As rain drenched the myriad of locals and tourists gathered for pre-Super Bowl activities in downtown Phoenix on the evening of Thursday, January 29, a warm glow emanated from a pop-up Roosevelt Row welcome center set up inside Capture 12 gallery as people explored neighboring small businesses.
Across the street, in the house still painted with the name of the now-defunct Bodega 420, more than 50 people gathered to protest developments they worry will lead to the Roosevelt Row art district's demise. "Save Roosevelt Row," they chanted -- heading out with signs and mock coffin to traverse more than a mile in protest mode.
Perhaps they hadn't heard the news we first got from Scott Fisher, a principal with Baron Properties, a Colorado firm set to build residential units at the northwestern and southwestern corners of Roosevelt and Third streets.
Turns out, some plans to change Roosevelt Row already have been tossed out.
"Wood Partners," he told us via e-mail, "has apparently pulled its application and is not proceeding."
Wood is the company that wanted to purchase the complex at the northeast corner of Third Street and Roosevelt that's currently home to Paz Cantina 3rd St. Sushi & Bar, as well as neighboring property that's the site of two vintage homes and the lot that is used as the Roosevelt Row A.R.T.S. Market.
Jackalope Ranch made multiple calls to Wood Partners' Scottsdale office to confirm the news, but they weren't returned. Instead, attorney Nicholas Wood of Snell Wilmer, who represents Wood Partners, provided the following statement via e-mail from his client: "Wood Partners is no longer under contract to purchase the property located at the northeast corner of 3rd Street and Roosevelt. Other than that, Wood Partners has no comment."
While that corner property is spoken for, it's unclear as of this writing what, if anything, is happening with the adjacent homes and lot.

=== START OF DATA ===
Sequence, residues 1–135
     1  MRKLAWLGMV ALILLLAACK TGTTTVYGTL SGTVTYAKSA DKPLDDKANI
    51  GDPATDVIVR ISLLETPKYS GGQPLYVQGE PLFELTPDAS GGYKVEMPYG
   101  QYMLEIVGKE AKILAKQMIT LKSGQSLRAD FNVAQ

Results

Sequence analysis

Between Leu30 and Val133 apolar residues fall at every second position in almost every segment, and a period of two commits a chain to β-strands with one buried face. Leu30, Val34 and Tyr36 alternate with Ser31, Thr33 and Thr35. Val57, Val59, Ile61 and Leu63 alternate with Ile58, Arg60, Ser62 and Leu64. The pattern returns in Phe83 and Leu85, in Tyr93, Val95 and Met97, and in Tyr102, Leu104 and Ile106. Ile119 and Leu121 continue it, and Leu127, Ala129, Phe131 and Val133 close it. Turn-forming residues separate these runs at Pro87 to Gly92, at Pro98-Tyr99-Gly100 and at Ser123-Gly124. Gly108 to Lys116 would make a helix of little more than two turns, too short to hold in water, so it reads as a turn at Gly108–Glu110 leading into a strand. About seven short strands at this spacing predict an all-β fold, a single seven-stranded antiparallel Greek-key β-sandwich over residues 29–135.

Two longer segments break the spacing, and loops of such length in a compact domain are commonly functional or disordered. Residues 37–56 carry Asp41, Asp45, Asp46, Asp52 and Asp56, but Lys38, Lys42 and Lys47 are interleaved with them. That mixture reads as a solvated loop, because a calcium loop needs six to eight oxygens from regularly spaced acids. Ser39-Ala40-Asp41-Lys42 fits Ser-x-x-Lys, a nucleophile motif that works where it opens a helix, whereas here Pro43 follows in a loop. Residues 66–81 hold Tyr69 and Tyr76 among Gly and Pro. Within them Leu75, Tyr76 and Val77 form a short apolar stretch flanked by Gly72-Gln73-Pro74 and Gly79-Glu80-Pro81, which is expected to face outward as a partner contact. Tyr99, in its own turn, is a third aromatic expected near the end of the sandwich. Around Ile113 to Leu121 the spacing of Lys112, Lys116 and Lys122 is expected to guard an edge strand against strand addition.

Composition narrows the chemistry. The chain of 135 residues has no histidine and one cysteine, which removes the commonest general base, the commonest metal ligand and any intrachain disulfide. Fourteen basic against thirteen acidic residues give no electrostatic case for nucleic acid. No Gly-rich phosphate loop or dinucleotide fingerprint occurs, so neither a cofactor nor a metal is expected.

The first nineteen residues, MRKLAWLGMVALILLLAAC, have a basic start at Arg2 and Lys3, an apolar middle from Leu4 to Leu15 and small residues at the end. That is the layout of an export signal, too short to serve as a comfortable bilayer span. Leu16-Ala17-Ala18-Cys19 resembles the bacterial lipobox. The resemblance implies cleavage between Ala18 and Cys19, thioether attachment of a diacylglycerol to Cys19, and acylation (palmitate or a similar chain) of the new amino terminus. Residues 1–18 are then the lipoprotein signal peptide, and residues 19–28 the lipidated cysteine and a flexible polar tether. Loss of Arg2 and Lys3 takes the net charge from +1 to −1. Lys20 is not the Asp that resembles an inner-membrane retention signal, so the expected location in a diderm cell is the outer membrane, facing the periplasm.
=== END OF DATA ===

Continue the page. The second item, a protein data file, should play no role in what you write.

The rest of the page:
Even so, big changes are coming to Roosevelt.
Protesters organized after a recent City of Phoenix Historic Preservation Commission meeting failed to deliver the results they had hoped for: Actions that might slow or stop the demolition of buildings located at 222, 314, and 420 East Roosevelt Street to make way for multi-family housing structures with a modern urban feel far different than the street's eclectic, vintage vibe.
The 222 building houses GreenHaus, a gallery and boutique relocating soon to Portland. The 314 building is a home once occupied by the Wilcox family but now unoccupied. The 420 building is the former home of the Pappas family, and now houses the law practice of one of the protesters (who co-owned the Bodega 420 market that closed last year). The City of Phoenix issued a demolition permit for the home at 314 East Roosevelt Street on January 29, according to Michelle Dodds, historic preservation officer for the City of Phoenix.
An online Change.org petition posted in mid-December to gather and show community support for saving the 222 building now has more than 1,130 signatures. Originally, petitioners focused on saving the building because two of its walls have murals painted by Ted DeGrazia in 1950. But many also note the building's importance to the LGBT community, given its prior life as gay bar and entertainment venue.